“Jeymes Samuel — aka the musical act The Bullitts — is the writer-director of the new Western The Harder They Fall, and while he may be new to the feature-directing game, he’s been around for a while.
From his work on his own music, to producing and collaborating with the likes of Jay-Z — who, incidentally, is a producer on the film — Mos Def, Charlotte Gainsbourg and many others, to his piloting of the Jay-Z: Legacy short film, Samuel’s been quite busy.
He also has quite a lot to say about movies. Here’s his thoughtful and entertaining examination of five films that inspired The Harder They Fall.”
AT A GLANCE:
Everyone is inspired by something. Whether it’s from a past experience, a role model, or something seen in passing, there’s inspiration all around. For Jeymes Samuel, inspiration struck from films he’s seen in his past when creating his feature film directorial debut, The Harder They Fall.
Starting with the boldness of the film, Il Grande Silenzio, Samuel said this “was one of the first westerns I saw where a man of color was a part of the story but his actual color had nothing to do with it… The first time I saw it I thought, there has got to be a post-credits scene… but there wasn’t. Bold filmmaking at its finest.” To some, Il Grande Silenzio may have just been another western movie. But for Samuel, it was something bigger and left a mark on the work he would soon be creating.
Along the same lines, Samuel believes For A Few Dollars More is a 10 compared to the others in the trilogy because of the pace and the “swagged-out rivalry” between the bounty hunters. Yes, the swag shown between two rivals can absolutely change the entire scene. And for Samuel, that’s why “the ‘showdown’ of the hats when Lee Van Cleef and Clint Eastwood meet is one of my all-time favorite scenes in the history of cinema.”
Samuel calls The Bronze Buckaroo “The Harder They Fall before The Harder They Fall.” Running a brief 58 minutes, The Bronze Buckaroo is much shorter than most feature films but still left a big impact. With his background in music, it’s no surprise that it was the use of music that Samuel loved in this film. “While the movie isn’t a musical, it uses song in such a choreographed, performative way. I used this exact train of song/scene thought with Mary’s entrance in The Harder They Fall.” Your background can greatly impact how you view a song, movie, book, or actor. With every piece of media out there, there are different reactions and experiences someone can experience.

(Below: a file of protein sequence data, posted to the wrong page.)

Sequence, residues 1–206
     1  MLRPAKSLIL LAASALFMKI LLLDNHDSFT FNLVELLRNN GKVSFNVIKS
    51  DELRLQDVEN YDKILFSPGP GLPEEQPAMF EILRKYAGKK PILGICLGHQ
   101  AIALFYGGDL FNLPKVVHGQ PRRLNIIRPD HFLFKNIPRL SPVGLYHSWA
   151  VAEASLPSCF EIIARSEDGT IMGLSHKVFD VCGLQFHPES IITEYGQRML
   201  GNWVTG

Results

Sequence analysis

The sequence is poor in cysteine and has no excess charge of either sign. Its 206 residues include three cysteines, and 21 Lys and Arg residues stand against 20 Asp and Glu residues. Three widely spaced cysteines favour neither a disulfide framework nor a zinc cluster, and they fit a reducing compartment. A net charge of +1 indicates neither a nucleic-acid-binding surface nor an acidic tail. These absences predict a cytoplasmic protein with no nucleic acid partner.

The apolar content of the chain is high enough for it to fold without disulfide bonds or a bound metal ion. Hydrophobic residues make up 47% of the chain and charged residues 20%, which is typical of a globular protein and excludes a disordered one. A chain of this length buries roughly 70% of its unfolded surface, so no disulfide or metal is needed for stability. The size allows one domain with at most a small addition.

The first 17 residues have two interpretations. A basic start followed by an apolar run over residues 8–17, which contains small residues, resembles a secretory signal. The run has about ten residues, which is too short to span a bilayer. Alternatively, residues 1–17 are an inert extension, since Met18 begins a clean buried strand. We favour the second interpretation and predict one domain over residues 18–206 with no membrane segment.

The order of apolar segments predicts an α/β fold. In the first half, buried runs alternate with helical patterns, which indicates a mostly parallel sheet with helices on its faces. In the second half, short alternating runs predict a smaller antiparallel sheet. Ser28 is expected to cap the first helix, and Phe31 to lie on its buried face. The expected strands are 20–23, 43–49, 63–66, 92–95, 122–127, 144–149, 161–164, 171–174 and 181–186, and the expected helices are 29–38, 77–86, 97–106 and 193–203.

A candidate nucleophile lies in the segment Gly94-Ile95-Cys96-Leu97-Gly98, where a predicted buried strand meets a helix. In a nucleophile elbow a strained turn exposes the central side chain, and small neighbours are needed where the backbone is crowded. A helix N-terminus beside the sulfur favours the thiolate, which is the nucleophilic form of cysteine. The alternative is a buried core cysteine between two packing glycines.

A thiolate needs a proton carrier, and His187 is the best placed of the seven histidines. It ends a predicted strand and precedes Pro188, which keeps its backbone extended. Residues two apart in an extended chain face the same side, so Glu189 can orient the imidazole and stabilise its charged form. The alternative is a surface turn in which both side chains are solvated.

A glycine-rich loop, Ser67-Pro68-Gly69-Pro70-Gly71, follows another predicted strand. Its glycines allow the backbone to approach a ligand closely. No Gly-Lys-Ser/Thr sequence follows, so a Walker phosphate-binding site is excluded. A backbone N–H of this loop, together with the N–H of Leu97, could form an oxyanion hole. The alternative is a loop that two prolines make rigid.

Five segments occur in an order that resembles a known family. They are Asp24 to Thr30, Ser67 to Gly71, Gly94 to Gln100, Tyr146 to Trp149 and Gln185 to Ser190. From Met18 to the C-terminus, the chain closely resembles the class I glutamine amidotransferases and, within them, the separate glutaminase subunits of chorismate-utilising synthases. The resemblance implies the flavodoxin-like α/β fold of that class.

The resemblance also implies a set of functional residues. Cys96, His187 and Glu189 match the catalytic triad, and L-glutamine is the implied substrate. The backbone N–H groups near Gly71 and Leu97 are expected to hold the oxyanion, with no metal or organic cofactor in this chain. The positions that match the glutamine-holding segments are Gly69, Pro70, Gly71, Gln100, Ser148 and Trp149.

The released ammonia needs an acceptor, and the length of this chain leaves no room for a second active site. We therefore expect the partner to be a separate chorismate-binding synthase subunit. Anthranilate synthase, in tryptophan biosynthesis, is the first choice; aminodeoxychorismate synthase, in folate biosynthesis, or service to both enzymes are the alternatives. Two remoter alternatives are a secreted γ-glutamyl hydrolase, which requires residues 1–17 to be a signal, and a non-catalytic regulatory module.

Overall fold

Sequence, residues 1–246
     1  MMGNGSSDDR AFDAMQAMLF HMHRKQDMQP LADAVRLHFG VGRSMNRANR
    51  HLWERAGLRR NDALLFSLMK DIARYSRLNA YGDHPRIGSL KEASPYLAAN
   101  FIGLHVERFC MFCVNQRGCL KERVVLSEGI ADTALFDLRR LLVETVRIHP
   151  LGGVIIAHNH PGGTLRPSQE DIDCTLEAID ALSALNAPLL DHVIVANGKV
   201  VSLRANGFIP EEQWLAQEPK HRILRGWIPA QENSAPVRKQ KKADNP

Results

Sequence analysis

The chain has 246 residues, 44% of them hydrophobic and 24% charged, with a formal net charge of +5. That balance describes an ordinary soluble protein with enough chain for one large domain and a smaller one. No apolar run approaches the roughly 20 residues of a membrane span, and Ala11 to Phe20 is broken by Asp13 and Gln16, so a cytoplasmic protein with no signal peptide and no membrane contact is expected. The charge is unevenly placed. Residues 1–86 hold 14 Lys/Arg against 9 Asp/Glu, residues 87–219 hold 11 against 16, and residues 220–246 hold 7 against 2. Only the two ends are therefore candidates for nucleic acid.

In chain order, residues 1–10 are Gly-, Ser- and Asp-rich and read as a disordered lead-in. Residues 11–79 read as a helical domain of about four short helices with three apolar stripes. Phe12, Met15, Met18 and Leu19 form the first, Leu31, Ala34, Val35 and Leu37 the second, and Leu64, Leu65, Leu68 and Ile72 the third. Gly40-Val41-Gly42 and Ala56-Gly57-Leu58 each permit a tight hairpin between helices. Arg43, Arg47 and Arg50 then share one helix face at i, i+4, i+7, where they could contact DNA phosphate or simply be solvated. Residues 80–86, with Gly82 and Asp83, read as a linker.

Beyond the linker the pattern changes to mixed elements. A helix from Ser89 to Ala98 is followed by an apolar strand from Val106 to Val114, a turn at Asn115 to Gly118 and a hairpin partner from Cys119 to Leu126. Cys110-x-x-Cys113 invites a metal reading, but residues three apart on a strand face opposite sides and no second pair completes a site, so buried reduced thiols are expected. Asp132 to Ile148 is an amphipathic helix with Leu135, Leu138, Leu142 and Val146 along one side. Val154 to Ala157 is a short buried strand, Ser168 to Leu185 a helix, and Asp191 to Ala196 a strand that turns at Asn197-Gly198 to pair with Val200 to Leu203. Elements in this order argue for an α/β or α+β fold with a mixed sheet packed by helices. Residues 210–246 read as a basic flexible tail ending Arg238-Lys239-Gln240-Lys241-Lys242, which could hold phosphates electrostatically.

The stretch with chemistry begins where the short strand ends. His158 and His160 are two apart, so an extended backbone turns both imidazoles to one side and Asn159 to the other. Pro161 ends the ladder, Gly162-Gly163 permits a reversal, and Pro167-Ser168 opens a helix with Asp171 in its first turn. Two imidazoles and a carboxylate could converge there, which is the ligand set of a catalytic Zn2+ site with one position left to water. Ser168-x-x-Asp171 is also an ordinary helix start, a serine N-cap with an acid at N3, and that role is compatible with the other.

When it comes to Magnolia, Samuel believes the thing that is overlooked the most is the musical poetry of the film. Especially when it comes to the frogs. “I have had so many conversations about this beautiful choice to the point that when I was making THTF and I was working on the saloon scene with the Blue Lady dancing, rather than explain it, I would say, ‘In life, you’re either a frog person, or you ain’t.’ Bravo, Paul Thomas Anderson. Bravo.” Inspiration really can come from anywhere, even from falling frogs.
Last, but certainly not least, She’s Gotta Have It has captured Samuel’s attention since he was a child. Working alongside David Lee, director Spike Lee’s brother, Samuel said “not a day went past where I didn’t ask him something about this movie.” For Samuel, “Watching this movie was the closest I got to being in film school.” And as interesting as it is to reflect on who inspired you, there’s also the thought that maybe you’ve influenced others too. Maybe Samuel’s name is already on someone’s list as a person who inspired them.
Read all of Jeymes Samuel’s thoughts on the five films that inspired The Harder They Fall over at A.frame.